James Gray - Concise Bible Commentary
The words of Jeremiah the son of Hilkiah, of the priests that were in Anathoth in the land of Benjamin:Jeremiah 1:1-19
THE PROPHET’S GENEALOGY AND CALL
As we approach the second prophet it is timely to remind the student that this work is not designed to comment on every chapter and verse of the Bible. To do so would call for a number of volumes defeating the purpose. Nor does the study of the Bible for the average Christian worker require this. Particularly is this true of the prophets, which, like the psalms, repeat themselves continually. Their principal contents were outlined in the lesson entitled, “Introduction to the Prophets,” and more clearly defined in the lessons on Isaiah. One who has thoughtfully pondered that “Introduction” and pursued those lessons, should be competent to interpret Jeremiah on his or her own.
There is this difference, however, between Isaiah and Jeremiah, in the latter, history is frequently blended with prophecy, particularly the history of the prophet himself. Moreover, the chapters are not arranged chronologically. For these reasons Jeremiah will be considered somewhat in detail, different lessons gathering round the leading events of his career.
It is assumed that before entering on the prophets at all, the reader has familiarized himself with the historical books of the Old Testament, which are as necessary to the understanding of the prophets as the foundation of a building is to its upper stories.
HIS GENEALOGY AND PERIOD (Jeremiah 1:1-3)
The “Hilkiah” named is another than he who found the law-book (1 Kings 22:8), but since he was a priest, Jeremiah must have belonged to the tribe of Levi. Look up Anathoth on the map. Read 2 Kings 22-25 to refresh recollection of the period named in Jeremiah 1:2-3.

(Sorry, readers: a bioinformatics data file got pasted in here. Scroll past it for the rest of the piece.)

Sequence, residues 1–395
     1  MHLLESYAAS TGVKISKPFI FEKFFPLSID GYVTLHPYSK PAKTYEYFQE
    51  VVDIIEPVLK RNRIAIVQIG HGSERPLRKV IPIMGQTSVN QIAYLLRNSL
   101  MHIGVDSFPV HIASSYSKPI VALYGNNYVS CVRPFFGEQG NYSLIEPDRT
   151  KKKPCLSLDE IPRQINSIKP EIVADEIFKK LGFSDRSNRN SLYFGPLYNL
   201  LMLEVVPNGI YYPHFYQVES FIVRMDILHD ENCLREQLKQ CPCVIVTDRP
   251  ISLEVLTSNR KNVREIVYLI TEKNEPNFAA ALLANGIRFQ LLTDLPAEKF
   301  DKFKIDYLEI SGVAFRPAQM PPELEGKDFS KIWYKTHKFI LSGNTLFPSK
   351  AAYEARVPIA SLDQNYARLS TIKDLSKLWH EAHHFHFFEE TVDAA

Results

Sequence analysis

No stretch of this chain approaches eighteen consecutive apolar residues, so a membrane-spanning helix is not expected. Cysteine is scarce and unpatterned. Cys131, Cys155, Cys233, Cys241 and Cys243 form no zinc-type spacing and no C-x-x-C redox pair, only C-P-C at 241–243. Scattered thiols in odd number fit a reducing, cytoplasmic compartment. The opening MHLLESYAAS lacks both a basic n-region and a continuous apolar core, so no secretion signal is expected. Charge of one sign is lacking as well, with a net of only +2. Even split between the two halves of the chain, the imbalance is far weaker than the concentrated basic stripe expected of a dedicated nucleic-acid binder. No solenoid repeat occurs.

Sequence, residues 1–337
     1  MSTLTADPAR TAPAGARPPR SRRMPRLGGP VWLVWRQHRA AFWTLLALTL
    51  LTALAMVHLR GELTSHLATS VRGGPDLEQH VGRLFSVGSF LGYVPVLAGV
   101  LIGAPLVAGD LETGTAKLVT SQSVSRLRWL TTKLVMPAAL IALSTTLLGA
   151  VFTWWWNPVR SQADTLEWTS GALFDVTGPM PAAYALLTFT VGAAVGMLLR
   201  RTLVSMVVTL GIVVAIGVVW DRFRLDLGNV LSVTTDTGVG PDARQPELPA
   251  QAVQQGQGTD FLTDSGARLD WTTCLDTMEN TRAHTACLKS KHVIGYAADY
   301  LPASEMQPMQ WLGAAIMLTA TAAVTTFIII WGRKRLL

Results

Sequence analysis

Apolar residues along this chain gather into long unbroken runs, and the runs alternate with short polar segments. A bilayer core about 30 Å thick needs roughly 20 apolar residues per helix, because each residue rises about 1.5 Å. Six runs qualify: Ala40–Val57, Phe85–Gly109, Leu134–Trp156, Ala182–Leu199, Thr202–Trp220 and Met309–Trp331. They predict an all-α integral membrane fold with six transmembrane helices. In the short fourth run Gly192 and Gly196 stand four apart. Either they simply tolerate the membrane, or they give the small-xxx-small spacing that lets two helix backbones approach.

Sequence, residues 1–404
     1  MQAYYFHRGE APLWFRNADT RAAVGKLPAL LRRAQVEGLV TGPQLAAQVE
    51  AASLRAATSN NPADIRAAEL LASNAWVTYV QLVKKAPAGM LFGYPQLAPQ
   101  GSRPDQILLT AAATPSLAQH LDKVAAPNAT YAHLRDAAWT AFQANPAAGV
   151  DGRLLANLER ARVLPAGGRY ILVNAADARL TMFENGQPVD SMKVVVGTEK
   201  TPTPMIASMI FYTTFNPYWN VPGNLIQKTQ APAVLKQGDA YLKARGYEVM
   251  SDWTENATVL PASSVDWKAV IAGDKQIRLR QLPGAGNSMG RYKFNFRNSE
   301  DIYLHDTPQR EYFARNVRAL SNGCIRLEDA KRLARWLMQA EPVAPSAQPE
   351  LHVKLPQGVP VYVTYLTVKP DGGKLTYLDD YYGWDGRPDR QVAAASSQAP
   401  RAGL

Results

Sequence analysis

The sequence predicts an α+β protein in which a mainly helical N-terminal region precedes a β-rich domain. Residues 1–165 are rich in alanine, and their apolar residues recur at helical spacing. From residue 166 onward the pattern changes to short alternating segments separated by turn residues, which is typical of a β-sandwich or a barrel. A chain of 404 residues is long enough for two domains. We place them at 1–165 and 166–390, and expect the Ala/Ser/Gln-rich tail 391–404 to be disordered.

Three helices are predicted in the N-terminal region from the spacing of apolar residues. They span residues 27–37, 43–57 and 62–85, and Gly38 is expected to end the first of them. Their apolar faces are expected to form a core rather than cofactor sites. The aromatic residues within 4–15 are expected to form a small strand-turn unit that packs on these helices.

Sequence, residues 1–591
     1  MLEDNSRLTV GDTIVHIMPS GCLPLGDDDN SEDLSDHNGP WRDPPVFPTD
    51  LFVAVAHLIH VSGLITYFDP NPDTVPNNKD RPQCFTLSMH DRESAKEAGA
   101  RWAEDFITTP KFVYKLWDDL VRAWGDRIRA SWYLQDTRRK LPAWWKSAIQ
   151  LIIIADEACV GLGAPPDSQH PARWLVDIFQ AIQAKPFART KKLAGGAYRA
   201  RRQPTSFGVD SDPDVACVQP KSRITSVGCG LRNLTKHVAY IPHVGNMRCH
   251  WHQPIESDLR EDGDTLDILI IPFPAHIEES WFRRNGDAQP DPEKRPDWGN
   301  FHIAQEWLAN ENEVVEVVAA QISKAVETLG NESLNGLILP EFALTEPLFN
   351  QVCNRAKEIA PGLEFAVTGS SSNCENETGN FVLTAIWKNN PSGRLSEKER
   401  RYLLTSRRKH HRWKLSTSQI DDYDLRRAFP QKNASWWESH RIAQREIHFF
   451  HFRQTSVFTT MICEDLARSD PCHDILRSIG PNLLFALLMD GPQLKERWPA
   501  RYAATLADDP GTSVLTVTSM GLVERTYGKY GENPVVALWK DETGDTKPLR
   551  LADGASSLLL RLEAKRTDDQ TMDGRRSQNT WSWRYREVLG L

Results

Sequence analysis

About fifty years had elapsed since the close of Isaiah’s ministry, during which the kings were Manasseh and Amon, and the prophets Nahum, Zephaniah and Habakkuk.
HIS CALL (Jeremiah 1:4-10)
It is interesting that this was prenatal (Jeremiah 1:5). The prophet’s diffidence growing out of his youth and inexperience is overruled (Jeremiah 1:6-7). He is assured of divine guardianship (Jeremiah 1:8) and entrusted with a divine message (Jeremiah 1:9). What a testimony to verbal inspiration is found in that verse! While distinctively a prophet to Judah, yet his ministry is wider (Jeremiah 1:10). It is mainly destructive in character or result, for while under four expressions judgment is set forth, only under two is a constructive task referred to.
(3) HIS EARLIEST COMMISSION (Jeremiah 1:11-16)
Here two symbols are employed, and through the book the same form of teaching is used both for himself and the people. An “almond tree” blossoms early: God’s purposes are maturing fast. A “seething pot” means trouble: trouble coming from the north.
(4) HIS ENDUEMENT FOR SERVICE (Jeremiah 1:17-19)
Like Isaiah, the prophet’s commission is discouraging, at least in the foreview. Enemies will oppose him kings, princes, priests and people. And no wonder, because his speech will seem so unpatriotic, since he must proclaim the subjugation of Judah to Babylon, on account of her sins. But God will be with him. Note the figures of speech descriptive of his protection (Jeremiah 1:18), as well as the assured promise (Jeremiah 1:19). But the warning is equally significant (Jeremiah 1:17). The prophet’s hope of success lies in his courage, and his courage depends on his faith.
1. What peculiarity do we find in the books of the prophets?
2. How is the book of Jeremiah distinguished from Isaiah?
3. On what plan will this book be studied?
4. Name the four points in the outline of chapter 1.
5. Have you discovered Anathoth?
6. Have you read the historical chapters in 2 Kings?
7. Name the prophets between Isaiah and Jeremiah.
8. Quote verse nine of this lesson.
9. What form of teaching is frequently found in Jeremiah?
10. What is to be the burden of his message?